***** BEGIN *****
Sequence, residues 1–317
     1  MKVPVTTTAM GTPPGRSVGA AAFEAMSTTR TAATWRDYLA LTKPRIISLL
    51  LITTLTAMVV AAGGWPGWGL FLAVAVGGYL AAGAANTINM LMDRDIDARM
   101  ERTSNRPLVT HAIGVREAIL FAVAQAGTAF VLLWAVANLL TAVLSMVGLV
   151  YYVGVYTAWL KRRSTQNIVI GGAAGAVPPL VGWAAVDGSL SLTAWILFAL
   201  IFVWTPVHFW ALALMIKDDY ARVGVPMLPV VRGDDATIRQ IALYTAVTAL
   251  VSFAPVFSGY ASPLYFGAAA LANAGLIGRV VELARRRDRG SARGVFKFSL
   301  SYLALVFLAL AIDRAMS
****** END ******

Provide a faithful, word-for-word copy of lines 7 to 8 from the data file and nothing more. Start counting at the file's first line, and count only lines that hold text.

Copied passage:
   251  VSFAPVFSGY ASPLYFGAAA LANAGLIGRV VELARRRDRG SARGVFKFSL
   301  SYLALVFLAL AIDRAMS